Webster Gorloks Lock Up Another College Title
First place Webster University "A" Team. | Photo: Paul Truong.

Webster Gorloks Lock Up Another College Title

| 12 | Chess Event Coverage

Death. Taxes. Webster.

You can set your calendar by the Pan-Am Intercollegiate Team Championship, literally. For the past five years, the dawning new year has brought Webster University at least a share of first place at the end of the premier open college team tournament. This last week in Columbus, Ohio, their top team made it six.

Lead Photo: The Winning Team -- (l. to r.) GM Jorge Cori, GM Ray Robson, Coach GM Susan Polgar, GM Vasif Durarbayli, GM Alex Shimanov, and organizer Kelly Bloomfield.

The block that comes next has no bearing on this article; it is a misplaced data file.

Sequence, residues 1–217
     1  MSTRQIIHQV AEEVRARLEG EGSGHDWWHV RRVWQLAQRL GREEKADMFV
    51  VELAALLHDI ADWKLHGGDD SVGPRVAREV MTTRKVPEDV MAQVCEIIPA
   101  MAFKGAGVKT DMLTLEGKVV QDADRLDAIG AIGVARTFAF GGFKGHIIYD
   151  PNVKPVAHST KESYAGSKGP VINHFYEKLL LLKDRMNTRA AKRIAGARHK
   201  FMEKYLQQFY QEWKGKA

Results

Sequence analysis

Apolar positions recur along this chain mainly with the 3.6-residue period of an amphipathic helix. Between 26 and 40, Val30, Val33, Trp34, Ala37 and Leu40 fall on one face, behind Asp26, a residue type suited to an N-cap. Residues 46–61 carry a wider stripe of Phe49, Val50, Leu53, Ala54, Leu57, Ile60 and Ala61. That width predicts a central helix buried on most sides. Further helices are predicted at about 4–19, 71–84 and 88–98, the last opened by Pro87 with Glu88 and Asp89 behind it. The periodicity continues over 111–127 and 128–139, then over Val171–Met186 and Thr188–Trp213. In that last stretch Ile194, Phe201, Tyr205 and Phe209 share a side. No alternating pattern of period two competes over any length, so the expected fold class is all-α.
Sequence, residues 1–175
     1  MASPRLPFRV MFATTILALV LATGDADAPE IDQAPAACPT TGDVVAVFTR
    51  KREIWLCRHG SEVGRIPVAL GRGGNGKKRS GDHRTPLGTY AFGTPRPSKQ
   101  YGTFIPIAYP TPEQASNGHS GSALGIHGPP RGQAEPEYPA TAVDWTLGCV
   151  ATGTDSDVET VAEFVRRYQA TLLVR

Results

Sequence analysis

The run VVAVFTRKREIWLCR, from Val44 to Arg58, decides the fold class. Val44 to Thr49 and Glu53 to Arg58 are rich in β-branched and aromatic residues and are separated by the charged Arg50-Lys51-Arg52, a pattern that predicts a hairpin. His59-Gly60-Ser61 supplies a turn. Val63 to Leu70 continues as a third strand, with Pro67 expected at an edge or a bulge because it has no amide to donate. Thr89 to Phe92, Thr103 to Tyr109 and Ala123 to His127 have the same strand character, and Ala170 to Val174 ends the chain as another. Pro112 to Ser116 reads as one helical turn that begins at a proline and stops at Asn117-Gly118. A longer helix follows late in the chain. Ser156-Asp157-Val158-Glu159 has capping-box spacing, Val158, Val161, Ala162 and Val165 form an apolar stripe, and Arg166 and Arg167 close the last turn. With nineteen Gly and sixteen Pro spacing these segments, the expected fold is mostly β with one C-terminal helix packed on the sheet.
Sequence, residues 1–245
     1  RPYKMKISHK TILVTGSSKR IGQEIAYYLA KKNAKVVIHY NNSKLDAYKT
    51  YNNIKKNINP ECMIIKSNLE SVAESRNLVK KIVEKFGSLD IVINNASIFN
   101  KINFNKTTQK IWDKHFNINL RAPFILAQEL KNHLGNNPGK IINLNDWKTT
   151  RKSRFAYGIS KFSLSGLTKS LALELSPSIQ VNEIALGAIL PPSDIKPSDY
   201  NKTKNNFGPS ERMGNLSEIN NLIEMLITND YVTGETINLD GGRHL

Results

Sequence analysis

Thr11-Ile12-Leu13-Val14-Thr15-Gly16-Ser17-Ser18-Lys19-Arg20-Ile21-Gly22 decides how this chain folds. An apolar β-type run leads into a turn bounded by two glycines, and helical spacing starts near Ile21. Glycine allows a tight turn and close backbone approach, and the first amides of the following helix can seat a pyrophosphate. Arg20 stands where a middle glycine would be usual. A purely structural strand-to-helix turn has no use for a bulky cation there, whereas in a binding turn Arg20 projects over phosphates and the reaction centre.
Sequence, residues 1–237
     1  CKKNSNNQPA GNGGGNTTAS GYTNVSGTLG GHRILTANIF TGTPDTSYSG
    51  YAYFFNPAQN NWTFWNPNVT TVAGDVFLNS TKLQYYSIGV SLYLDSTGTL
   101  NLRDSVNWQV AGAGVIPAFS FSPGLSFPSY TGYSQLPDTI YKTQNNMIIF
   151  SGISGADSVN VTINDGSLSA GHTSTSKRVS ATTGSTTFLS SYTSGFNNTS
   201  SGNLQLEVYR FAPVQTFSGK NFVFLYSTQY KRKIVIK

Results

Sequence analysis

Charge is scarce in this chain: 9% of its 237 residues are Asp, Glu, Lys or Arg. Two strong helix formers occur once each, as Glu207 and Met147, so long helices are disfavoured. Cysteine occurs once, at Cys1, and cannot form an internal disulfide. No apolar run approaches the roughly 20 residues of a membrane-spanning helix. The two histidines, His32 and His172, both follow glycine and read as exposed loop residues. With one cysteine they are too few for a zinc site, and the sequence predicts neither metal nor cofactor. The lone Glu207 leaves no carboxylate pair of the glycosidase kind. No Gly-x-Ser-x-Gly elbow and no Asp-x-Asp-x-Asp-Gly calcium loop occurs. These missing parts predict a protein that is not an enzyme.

The streak eclipses the previous record of five in a row, set from 1998-2002 by the University of Maryland, Baltimore County. UMBC and the University of Texas at Dallas are still tied for most all-time wins (10 apiece) but Webster is now six-for-six since their inception in 2012.


Nine GMs, 11 titles: Webster's top two teams and coach GM Susan Polgar gather in front of their six Pan-Am and five "President's Cup" (Final Four) titles. | Photo: Paul Truong.

Hosted by Ohio State University this year, the event is open to all college students in the Western Hemisphere. Overall, 58 teams competed, but not necessarily that many schools since some universities fielded multiple squads (UT-Dallas sent five teams, the most of any program). Everything from Ivy League schools to community colleges participated. They came from as far north as Alaska Pacific University in Anchorage (where it took a decent amount of searching to decipher that their 722-strong student body recently chose the "Moose" as the mascot) to as far south as the National Technical University of Mexico, based in the capital.